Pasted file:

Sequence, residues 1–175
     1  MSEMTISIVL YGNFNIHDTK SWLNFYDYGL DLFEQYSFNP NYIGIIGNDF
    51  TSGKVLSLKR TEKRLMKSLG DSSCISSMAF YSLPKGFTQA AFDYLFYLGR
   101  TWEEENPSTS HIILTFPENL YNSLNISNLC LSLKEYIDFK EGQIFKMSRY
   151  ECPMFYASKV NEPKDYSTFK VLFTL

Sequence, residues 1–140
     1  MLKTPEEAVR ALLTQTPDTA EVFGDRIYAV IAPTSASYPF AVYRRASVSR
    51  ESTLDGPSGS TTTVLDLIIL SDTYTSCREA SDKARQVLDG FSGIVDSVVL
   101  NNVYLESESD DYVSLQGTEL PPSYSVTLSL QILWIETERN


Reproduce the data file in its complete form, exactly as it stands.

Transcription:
Sequence, residues 1–175
     1  MSEMTISIVL YGNFNIHDTK SWLNFYDYGL DLFEQYSFNP NYIGIIGNDF
    51  TSGKVLSLKR TEKRLMKSLG DSSCISSMAF YSLPKGFTQA AFDYLFYLGR
   101  TWEEENPSTS HIILTFPENL YNSLNISNLC LSLKEYIDFK EGQIFKMSRY
   151  ECPMFYASKV NEPKDYSTFK VLFTL

Sequence, residues 1–140
     1  MLKTPEEAVR ALLTQTPDTA EVFGDRIYAV IAPTSASYPF AVYRRASVSR
    51  ESTLDGPSGS TTTVLDLIIL SDTYTSCREA SDKARQVLDG FSGIVDSVVL
   101  NNVYLESESD DYVSLQGTEL PPSYSVTLSL QILWIETERN